What’s next for ETFs in Canada?

Following the results of a recent survey, we caught up with the Head of iShares at BlackRock Canada to ask about the future of ETFs

What’s next for ETFs in Canada?
After the release of a recent BlackRock ETF survey, which revealed that nearly one-third of Canadian investors now own ETFs, we caught up with Head of iShares at BlackRock Canada, Warren Collier, to discuss the findings and ask about the industry trends that are driving the growing Canadian appetite for exchange traded funds.
“There is one theme that has been the overall driver of ETF growth from the beginning: the way they democratize investing through cost efficiency, transparency and flexibility,” Collier says. “Certain investment strategies or exposures used to only be available to investors of institutional size, but, because of the ETF structure, any investor can get that exposure now.”
ETFs’ growing popularity can also be attributed to their ability to provide exposure to specific sectors, asset classes, countries, and broad markets. “ETFs are also increasingly used for getting fixed income exposure,” Collier says. “As the liquidity of fixed income markets across the developed world has dried up, we’ve seen the next step in the democratization of investing through what is commonly called smart beta, but particularly focuses on factor investing.”
The survey also found that ETF growth is expected to continue in 2017. In fact, 93% of ETF owners and 38% of non-owners confirmed an interest in purchasing ETFs in the next 12 months. Momentum in ETFs is clearly growing, but what does this means for the mutual funds market?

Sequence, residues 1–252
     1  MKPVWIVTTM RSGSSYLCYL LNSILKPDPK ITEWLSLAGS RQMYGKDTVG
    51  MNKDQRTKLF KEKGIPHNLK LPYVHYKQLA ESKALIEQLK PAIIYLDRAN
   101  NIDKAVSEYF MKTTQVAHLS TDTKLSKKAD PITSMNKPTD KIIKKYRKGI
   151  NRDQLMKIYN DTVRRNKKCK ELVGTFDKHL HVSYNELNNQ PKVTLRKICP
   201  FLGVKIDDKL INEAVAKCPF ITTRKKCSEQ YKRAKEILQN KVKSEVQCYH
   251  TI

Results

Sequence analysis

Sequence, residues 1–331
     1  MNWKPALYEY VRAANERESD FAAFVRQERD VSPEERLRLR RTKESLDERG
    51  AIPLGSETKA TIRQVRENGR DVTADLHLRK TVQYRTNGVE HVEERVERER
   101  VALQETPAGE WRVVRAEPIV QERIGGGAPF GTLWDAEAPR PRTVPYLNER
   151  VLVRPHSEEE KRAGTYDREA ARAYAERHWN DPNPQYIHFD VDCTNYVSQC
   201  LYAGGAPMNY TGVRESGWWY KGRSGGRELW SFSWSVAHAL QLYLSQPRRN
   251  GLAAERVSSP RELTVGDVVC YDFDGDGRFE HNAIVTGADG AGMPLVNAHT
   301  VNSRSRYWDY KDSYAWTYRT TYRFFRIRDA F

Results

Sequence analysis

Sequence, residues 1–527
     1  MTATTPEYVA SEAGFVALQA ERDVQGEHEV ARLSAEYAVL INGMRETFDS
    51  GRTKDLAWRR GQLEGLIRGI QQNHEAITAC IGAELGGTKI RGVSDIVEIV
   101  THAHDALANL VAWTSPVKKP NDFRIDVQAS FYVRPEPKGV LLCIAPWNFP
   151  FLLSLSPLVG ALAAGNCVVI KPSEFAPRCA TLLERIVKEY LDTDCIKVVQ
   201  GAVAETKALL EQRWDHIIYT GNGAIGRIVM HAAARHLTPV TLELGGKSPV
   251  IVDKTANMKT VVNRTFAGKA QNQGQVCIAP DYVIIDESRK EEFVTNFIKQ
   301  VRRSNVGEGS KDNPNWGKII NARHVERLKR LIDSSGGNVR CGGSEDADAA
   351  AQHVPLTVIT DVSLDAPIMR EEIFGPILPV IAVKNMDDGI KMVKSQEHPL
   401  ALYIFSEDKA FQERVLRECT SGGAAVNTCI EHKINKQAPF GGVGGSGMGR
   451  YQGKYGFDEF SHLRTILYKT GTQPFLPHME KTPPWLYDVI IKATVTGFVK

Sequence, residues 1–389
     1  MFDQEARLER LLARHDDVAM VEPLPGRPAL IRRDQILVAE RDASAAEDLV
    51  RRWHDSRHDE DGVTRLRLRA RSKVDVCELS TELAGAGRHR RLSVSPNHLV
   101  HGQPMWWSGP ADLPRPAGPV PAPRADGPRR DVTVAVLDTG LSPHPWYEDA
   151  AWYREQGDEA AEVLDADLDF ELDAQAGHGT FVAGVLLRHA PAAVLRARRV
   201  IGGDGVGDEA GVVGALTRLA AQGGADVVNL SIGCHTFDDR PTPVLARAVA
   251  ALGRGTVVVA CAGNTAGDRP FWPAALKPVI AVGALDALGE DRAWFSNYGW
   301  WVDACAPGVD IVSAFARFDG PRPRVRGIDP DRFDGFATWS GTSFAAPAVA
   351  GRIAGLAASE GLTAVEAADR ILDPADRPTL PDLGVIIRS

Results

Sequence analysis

“It doesn’t necessarily mean anything,” Collier says. “The survey demonstrates that the primary source of funds for investors looking to invest in the next 12 months is cash. ETF users already have a lower exposure to cash, and for people thinking about putting cash to work, the ETF is a structure that they’re looking at.”
The survey also discovered that 52% of Canadian investors plan to learn more about ETFs next year, and Collier believes that advisors will play an integral role in providing this education. “Firstly, advisors should be working to understand the ETF products on offer, because there is a huge opportunity for them to realize on the Canadian interest,” he says. “There is a real opportunity for advisors to build their businesses by positioning themselves as educators around ETFs. It’s going to become an increasingly essential part of their job, rather than just a value add.”
“If you’re going to be a good advisor, you need to be able to explain how the products best work, how they’re best utilized in portfolios and how they sit alongside individual stocks and mutual funds.”

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